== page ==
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Why 45% of People Fail Transformation Challenges

January 24, 2017

 

28 Day, 21 Day or 8 week challenges are all the rage, and rightly so.. 
 

They're Great! great in the fact that they can give you a surge of motivation, which if harnessed correctly, can transfer into long term habits and consistent progress. 

 

And for someone who hasn't been exercising for a while it can be a great kickstart, it can provide a support network which they may not of had previously and can help people who just don't know what balanced nutrition or training looks like, learn how to eat well to improve their energy, and overall health. 

 

However there's a large percentage (up to 45% in my experience) that either fall off track mid way, or revert back to old habits post challenge. 

 

I wanted to share my 3 reasons as to why this occurs. 

 

1: The intention that losing weight will make everything 'better'. 

 

To often people begin these programs with the intention to achieve the 'perfect body' to 'detox' after Christmas or because they think they aren't happy and they feel that by doing the program they will lose 5kg and magically feel 'happy'. 

 

This could not be further from the truth, if you allow a number on the scales to dictate your feelings, your worth, your confidence or think that by achieving a goal or for some people purchasing something will make you 'happy' you're a little off the mark, and will be unpleasantly surprised when you do achieve the goal and there isn't that instant overwhelming feeling of joy. I see this all too often. 

 

The intention should be to learn something, to add to your life, to enhance your energy and fitness for nothing or no one else other than yourself and to do MORE of what you enjoy and what makes you feel good. (Or for some parents out there, just to get an hour to yourself hehe 😂)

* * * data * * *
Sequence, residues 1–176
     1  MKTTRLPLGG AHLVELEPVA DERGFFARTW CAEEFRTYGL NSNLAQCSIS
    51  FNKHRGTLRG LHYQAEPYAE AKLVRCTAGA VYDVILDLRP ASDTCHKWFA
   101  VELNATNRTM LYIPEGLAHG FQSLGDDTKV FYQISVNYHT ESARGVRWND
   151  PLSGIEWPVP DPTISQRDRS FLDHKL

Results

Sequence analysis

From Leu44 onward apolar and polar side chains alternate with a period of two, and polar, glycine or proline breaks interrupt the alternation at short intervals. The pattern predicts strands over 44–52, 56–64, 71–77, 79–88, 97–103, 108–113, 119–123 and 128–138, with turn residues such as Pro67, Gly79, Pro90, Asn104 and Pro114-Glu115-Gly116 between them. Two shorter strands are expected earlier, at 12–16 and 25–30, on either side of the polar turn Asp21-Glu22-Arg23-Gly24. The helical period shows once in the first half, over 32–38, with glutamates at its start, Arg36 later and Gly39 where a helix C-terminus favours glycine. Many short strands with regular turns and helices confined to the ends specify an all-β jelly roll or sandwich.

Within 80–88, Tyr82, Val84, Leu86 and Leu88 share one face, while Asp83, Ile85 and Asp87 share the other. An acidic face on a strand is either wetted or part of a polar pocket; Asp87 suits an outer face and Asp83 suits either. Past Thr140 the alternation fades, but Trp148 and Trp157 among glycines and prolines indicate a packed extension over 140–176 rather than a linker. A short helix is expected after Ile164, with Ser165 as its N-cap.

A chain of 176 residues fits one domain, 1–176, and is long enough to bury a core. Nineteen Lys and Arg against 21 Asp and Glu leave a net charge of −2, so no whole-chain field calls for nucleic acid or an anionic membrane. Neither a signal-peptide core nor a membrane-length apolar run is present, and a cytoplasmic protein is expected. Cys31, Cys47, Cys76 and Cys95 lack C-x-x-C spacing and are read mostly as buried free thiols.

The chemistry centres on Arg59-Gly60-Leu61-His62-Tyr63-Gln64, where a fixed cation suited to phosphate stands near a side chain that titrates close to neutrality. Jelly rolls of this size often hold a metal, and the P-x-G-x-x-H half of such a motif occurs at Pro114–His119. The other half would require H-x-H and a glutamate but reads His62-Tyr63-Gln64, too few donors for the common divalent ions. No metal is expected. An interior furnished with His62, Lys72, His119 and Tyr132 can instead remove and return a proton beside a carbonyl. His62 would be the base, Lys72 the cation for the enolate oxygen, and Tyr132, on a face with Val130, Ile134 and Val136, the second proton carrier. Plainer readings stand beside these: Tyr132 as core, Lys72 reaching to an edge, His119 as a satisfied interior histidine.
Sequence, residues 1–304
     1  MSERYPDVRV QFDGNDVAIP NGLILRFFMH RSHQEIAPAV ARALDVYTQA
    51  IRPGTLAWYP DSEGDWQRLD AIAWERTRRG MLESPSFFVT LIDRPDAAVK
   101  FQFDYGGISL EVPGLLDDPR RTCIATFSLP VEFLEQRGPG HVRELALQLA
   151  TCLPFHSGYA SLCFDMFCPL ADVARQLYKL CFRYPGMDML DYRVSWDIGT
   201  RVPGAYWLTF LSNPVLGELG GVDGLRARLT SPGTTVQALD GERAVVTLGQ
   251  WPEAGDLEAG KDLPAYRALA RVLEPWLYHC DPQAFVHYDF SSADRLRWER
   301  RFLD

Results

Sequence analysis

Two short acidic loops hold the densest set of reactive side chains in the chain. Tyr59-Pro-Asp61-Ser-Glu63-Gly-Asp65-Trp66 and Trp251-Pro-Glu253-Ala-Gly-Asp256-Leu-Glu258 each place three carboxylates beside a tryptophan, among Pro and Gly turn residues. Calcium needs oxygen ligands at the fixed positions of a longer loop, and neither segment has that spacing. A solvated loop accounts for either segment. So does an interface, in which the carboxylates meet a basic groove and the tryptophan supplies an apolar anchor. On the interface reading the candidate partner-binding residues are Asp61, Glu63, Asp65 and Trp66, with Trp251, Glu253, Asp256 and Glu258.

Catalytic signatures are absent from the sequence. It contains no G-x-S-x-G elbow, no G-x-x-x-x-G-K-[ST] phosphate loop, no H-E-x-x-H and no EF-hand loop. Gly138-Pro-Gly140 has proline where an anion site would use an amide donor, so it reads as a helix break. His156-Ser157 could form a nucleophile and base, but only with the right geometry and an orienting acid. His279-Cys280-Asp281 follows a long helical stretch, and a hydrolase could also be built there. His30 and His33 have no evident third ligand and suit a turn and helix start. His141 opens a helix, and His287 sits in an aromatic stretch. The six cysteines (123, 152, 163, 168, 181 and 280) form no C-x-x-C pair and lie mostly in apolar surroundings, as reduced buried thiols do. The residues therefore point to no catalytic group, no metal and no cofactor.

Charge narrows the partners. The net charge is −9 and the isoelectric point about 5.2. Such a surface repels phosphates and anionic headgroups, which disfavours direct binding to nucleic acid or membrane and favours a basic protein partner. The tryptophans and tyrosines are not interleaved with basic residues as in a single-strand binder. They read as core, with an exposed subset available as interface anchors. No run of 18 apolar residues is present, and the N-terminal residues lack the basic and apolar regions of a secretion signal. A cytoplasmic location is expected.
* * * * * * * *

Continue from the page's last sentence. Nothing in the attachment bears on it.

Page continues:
These programs can be great for teaching you some great new exercises, or training strategies, learning good food options or habits for your day to day life or just giving you a healthy outlet from daily stresses. 

 

But they can have a negative effect if your focus is on the minuet details of the nutrition, calories, training times, kilos lost or not lost and what you're going to 'cut out' and so forth. 

 

2: Miss one important step to goal setting. 
 

It’s a simple as this, although setting big goals is vital, it’s not the most important thing. Setting big goals is like dropping a pin on a map, it gives you some kind of direction and purpose. But what really sets those who succeed with achieving their set goals apart from those who don’t is the ability to set really good rituals and then follow through on them. 

 

We wrote a whole blog on this here: READ BLOG

 

That’s it, if you want to achieve anything, you need to commit to the rituals required to achieving it. 

 

3: Have an unsustainable approach with nutrition 
 

I touched on this before, but what we often see with some people is their instant thought with nutrition when they begin a program is: "What can I cut out?"

 

Changing this one phrase to: "what can I add" (to improve my Health) will make the world of difference. 

 

We aren't robots, and cutting things out completely is unrealistic, and what's funny is that when we cut things out we actually end up wanting them even more. 

 

So then we focus on it more, and the moment your head space is taken up by the thought of food, what you can/can't have (or think you can/can't) you're slipping down a not so healthy track with regard to your relationship with food. 

 

Sure, some people probably have a little too much junk food, which isn't great on the health of your heart, liver and so forth, so reducing this would probably be a smart idea for increasing your life span and reducing risk of disease, but if you enjoy the experience of going out and having an ice cream with your family or friends, there's no need to stop that, and there's certainly no need to feel guilty about it and then try to punish yourself with training to counteract it. 

 

Instead focus on the 80/20% balance of good food and some treats, it's all fine to eat, and it's fine to enjoy things. Heck, once a week I love a big juicy burger, every now an then I enjoy it twice a week, so what. But I then ensure that majority (80%) of my food comes from nutritious sources. 

 


Enjoy your experiences with food, just try not to hang on to the experience. 

With all that said, let's be frank, you should love yourself and embrace your body but if you're eating crap food all the time, generally feel like crap, have no energy, or can't walk/jog more than 10mtrs without almost dying, struggle to sleep, are at risk of health problems, and you hardly exercise, you probably should be doing something to improve your health. 

But if the intention to begin a challenge is to make yourself 'better' or to achieve the 'perfect body' then not so great. 

The intention for beginning a challenge (of any kind, this could even be a marathon) should be to add more to you life, for enjoyment, overall health and wellbeing and purely for yourself! If this is you, then great, you're in the right place to start! 

 

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